Asymptomatic Spread Of The Coronavirus Is ‘Very Rare,’ WHO Says In Stunning Announcement

woman walking her dog with coronavirus mask
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The World Health Organization (WHO) recently stated that the spread of the novel coronavirus was unlikely due to those who were asymptomatic in a stunning announcement (via CNBC). The new findings come as countries across the world begin crafting public policies that seek to balance reopening their economies with ensuring public safety.

Preliminary evidence had previously suggested that the virus spread during any person-to-person contact, even if the infected person did not display any symptoms. As a result, many of the lockdown measures adopted by countries like the United States were implemented specifically due to the threat of asymptomatic transmission.

“These findings also suggest that to control the pandemic, it might not be enough for only persons with symptoms to limit their contact with others because persons without symptoms might transmit infection,” stated a release from the Centers from Disease Control and Prevention (CDC).

However, it now appears that while it is possible that asymptomatic transmission can occur, it is “rare.”

“From the data we have, it still seems to be rare that an asymptomatic person actually transmits onward to a secondary individual,” explained Dr. Maria Van Kerkhove, head of WHO’s emerging diseases and zoonosis unit.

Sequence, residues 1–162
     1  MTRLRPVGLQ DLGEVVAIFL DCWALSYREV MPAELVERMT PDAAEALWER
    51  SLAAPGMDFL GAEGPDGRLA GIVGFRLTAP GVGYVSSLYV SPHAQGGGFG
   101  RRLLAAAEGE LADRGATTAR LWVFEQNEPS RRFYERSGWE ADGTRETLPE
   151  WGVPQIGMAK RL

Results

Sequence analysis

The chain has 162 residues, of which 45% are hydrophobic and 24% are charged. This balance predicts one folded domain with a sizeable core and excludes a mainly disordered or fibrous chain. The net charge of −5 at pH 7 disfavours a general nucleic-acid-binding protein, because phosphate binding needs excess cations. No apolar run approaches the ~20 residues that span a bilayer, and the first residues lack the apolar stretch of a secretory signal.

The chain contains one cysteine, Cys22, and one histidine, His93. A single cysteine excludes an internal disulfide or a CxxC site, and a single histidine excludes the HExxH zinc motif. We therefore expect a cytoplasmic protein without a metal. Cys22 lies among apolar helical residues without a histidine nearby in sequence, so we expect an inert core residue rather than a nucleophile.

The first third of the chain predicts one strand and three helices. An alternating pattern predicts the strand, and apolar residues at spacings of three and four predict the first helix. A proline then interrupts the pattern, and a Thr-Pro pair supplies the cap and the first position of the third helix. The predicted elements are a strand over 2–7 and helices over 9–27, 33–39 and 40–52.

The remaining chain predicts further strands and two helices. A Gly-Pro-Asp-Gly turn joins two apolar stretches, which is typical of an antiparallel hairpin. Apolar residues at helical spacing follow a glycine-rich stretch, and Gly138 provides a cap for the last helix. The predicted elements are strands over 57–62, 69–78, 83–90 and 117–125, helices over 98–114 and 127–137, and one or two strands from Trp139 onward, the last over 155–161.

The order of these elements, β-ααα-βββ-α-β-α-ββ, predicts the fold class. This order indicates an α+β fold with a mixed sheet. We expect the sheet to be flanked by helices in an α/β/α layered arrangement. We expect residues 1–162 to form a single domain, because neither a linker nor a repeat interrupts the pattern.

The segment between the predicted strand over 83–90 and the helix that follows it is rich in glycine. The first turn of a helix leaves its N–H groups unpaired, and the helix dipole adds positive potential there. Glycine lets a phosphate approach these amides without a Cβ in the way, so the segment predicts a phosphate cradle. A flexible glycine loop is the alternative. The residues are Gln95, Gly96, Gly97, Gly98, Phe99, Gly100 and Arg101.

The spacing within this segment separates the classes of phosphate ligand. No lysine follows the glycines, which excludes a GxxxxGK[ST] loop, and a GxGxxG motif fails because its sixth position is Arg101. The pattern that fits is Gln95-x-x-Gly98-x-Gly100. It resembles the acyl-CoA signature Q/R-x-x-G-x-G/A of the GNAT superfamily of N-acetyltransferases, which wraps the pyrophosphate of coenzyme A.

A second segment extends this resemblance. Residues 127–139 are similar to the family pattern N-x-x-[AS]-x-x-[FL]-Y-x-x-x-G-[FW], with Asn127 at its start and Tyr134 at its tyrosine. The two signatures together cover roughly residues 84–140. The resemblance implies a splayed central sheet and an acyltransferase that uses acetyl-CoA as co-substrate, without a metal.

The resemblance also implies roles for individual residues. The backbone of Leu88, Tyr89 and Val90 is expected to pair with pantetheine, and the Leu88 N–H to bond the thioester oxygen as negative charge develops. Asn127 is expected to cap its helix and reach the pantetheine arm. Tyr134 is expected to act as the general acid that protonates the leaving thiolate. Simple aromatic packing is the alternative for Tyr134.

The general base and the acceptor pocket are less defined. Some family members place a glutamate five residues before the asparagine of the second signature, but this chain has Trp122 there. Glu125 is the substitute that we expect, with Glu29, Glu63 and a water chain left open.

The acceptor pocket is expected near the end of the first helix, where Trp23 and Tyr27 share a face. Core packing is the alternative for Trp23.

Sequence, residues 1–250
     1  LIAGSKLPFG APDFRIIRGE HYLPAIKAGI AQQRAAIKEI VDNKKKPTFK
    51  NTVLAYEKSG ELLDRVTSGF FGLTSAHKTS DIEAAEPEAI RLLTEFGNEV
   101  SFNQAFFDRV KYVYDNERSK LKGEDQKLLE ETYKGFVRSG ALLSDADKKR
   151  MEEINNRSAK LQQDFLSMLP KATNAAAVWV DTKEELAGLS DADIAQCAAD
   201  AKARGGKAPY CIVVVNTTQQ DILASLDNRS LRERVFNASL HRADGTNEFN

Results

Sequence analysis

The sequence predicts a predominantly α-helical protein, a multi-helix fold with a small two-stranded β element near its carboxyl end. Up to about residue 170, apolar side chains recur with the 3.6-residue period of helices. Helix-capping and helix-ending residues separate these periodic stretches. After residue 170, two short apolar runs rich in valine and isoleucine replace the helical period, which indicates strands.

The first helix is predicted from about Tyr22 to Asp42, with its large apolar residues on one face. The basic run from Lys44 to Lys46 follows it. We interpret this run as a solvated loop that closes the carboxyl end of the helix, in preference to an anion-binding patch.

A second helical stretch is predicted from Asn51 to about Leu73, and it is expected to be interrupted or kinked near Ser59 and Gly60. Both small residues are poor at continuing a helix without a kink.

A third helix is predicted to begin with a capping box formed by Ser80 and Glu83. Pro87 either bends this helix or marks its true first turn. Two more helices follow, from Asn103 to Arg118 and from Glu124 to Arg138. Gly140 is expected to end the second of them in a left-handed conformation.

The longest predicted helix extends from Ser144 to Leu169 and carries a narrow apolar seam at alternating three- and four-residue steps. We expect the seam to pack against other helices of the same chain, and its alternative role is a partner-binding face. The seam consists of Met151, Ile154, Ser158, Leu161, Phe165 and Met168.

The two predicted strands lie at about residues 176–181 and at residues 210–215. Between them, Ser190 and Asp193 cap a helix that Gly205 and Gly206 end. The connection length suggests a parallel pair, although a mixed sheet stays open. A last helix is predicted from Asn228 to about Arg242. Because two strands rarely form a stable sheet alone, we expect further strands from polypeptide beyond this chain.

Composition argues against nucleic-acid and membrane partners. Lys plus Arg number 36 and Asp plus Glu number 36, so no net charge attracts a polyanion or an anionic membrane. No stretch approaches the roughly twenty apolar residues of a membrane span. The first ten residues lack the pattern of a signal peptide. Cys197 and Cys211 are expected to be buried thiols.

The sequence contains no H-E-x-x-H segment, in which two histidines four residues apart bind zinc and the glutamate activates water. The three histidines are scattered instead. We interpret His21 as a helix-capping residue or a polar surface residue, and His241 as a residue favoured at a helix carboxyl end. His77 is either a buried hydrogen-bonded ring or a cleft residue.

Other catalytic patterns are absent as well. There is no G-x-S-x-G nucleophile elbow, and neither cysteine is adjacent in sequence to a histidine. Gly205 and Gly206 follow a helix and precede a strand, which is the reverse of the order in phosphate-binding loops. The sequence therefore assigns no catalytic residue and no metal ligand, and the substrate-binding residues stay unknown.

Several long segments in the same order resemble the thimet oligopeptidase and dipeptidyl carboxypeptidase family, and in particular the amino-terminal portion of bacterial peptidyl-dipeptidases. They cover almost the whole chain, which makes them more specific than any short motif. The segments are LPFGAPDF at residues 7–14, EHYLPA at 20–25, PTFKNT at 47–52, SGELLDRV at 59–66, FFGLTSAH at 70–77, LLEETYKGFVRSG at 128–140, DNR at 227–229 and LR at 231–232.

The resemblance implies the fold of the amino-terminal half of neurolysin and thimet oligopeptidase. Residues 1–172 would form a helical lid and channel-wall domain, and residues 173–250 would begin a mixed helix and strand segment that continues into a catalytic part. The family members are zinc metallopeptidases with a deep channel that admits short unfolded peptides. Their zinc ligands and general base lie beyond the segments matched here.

“It’s very rare,” she repeated during a news briefing from the United Nations agency’s Geneva headquarters.

Van Kerkhove said that researchers noted that asymptomatic spread was uncommon after analyzing data from countries with intense tracing programs in place. Those who followed the contacts of asymptomatic patients found that there was almost no secondary transmission present.

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That said, health experts have emphasized that more research is needed into COVID-19 to fully understand how it has spread across the globe.

Van Kerkhove claimed that she believed the best policy for governments to follow would be to identify and isolate those who have both tested positive for the virus and display symptoms, in addition to tracking anyone in contact with such individuals.

“What we really want to be focused on is following the symptomatic cases,” Van Kerkhove explained.

“If we actually followed all of the symptomatic cases, isolated those cases, followed the contacts and quarantined those contacts, we would drastically reduce [the outbreak],” she concluded.

The news about rare asymptomatic transmission is not the only new data concerning the disease. As was previously reported by The Inquisitr, researchers have claimed that around 80 percent of all patients were infected from just a small number of super-spreaders.

The pandemic has currently infected around 7 million people across the world, in addition to claiming over 400,000 lives.